The story of Juniyeh Orphanage is, like so many other Near East Relief stories, a tale of finding strength in survival.
Present-day Jounieh, Lebanon, is part of greater Beirut. At the time of Near East Relief’s activities this area was part of Syria. The city has been known by several names with similar spellings, including Juniah, Juniya, and Djounieh. For the purpose of this Dispatch we will use“Juniyeh.” This is the version that appears most often in the Near East Relief archives. Several other organizations operated orphanages in Juniyeh at the same time as Near East Relief, including the Armenian General Benevolent Union.
A BUSTLING VILLAGE
In the early 1900s, Juniyeh was a bustling port about 10 miles from Beirut, Syria (now Lebanon). The town boasted several silk factories, where highly trained workers practiced the ancient art of sericulture — raising silkworms for their delicate cocoons, which were then harvested and woven into strong, beautiful fabric. The streets of Juniyeh were packed with hundreds of shops. The Juniyeh harbor flourished as the demand for commercial goods and passenger transportation steadily increased. Linked to the large city of Beirut by both rail and sea, Juniyeh was a town on the rise.
Juniyeh was a popular destination for pilgrims based on its proximity to the Shrine of Our Lady of Lebanon. A French-made bronze statue of the Virgin Mary was placed atop a hill in nearby Harissa in 1907. The shrine soon became an important site to the Maronite Christian community, and other religious groups that venerated the Virgin Mary.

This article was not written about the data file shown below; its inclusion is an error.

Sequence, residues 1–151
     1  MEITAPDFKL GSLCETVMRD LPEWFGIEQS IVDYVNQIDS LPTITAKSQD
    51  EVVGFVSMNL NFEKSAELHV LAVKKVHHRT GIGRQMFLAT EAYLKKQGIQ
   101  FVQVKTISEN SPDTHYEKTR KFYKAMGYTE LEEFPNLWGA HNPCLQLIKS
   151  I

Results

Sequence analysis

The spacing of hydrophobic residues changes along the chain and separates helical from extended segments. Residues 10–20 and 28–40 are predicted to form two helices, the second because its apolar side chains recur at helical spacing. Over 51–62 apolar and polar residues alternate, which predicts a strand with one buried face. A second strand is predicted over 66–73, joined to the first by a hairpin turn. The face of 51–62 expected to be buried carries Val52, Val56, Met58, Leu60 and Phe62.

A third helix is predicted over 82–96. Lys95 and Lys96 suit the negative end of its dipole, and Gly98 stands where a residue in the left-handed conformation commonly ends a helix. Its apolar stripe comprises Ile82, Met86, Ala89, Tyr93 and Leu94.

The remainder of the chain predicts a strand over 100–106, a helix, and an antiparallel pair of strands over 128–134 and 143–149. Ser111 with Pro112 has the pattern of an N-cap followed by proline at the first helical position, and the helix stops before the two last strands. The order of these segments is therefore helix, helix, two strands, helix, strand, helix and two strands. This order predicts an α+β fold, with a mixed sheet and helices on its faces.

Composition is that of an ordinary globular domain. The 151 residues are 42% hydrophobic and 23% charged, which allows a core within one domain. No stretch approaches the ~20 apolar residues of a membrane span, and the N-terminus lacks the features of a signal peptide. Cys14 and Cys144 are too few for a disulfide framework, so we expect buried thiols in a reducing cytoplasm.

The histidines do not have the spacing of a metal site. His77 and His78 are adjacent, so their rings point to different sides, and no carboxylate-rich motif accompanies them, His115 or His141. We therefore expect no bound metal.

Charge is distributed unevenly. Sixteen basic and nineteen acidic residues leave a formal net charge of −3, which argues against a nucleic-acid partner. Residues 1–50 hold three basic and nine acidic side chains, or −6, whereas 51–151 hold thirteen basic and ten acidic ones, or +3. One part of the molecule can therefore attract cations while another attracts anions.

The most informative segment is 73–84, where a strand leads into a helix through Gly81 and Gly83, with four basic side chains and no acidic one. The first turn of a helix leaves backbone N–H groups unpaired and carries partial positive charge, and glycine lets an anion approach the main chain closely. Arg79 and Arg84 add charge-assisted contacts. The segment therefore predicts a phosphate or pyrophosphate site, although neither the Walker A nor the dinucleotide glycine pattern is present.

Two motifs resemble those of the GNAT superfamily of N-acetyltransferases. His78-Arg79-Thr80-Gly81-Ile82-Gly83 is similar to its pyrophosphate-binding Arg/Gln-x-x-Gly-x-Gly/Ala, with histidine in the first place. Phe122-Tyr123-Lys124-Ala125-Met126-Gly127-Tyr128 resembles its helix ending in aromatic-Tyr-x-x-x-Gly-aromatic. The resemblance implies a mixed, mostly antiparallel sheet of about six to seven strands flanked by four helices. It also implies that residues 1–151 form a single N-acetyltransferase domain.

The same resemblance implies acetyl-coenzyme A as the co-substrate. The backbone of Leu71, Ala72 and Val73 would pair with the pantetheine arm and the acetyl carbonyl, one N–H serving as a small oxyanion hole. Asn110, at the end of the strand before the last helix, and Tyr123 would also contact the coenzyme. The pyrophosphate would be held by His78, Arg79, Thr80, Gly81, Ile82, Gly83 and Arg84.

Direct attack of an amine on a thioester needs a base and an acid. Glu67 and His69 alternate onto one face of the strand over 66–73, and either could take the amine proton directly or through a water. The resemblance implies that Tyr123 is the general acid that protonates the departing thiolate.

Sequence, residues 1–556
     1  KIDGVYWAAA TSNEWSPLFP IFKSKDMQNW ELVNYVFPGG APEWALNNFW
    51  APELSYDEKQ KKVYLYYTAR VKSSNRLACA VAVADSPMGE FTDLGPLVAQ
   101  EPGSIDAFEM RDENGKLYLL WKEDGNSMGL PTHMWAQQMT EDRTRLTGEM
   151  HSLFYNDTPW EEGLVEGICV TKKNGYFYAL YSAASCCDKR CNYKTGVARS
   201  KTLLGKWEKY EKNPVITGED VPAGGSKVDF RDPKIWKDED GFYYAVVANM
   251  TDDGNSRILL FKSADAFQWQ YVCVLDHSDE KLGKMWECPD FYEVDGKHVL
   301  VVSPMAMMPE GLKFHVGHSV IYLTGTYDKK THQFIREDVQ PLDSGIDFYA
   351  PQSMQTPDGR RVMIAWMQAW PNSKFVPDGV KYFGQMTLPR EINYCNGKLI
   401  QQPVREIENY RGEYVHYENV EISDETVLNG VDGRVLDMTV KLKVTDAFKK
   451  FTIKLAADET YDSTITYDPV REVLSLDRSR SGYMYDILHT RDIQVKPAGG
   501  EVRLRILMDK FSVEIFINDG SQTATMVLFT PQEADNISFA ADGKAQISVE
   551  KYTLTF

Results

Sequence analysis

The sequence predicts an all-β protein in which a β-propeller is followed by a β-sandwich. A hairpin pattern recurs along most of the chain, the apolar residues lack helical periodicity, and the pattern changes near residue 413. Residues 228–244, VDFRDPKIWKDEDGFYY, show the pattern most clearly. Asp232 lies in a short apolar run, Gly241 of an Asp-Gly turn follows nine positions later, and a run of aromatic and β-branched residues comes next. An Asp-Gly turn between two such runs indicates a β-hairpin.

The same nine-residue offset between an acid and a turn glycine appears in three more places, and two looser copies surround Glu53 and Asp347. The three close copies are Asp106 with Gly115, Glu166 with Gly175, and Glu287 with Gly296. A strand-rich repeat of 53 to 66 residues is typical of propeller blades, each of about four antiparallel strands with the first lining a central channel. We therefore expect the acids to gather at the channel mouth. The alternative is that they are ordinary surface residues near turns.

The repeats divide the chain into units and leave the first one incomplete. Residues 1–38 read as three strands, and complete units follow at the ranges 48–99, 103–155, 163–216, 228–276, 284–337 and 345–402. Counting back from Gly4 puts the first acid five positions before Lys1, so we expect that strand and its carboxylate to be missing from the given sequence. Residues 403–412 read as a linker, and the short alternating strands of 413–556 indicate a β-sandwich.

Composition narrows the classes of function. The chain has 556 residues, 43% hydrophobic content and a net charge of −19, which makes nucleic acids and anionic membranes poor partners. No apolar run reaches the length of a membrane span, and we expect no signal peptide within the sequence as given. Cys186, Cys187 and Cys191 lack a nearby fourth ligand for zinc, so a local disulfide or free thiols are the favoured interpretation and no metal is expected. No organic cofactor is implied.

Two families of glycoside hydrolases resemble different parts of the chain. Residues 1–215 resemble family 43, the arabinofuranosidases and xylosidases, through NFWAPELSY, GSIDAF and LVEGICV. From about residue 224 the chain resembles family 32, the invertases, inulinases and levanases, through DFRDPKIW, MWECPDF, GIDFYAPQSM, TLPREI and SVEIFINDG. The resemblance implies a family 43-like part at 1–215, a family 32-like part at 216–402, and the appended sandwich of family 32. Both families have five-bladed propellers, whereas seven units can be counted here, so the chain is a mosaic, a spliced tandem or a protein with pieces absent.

World War I swept through Syria, interrupting a period of relative prosperity. By 1920, Juniyeh was a shadow of its former self. Countless residents had fled in the wake of the disastrous famine that accompanied the hostilities. The once-busy streets were quiet. Production at the silk factories had largely ceased. The Shrine of Our Lady looked down upon a ghost town.
ESCAPE FROM THE INTERIOR
A few years later, Near East Relief was desperate for new orphan housing. By 1923, the organization had evacuated more than 22,000 children from orphanages in the Turkish interior. While the majority of the children were transported to Greece under a generous agreement with the Greek government, about 5,000 orphans were brought to Syria.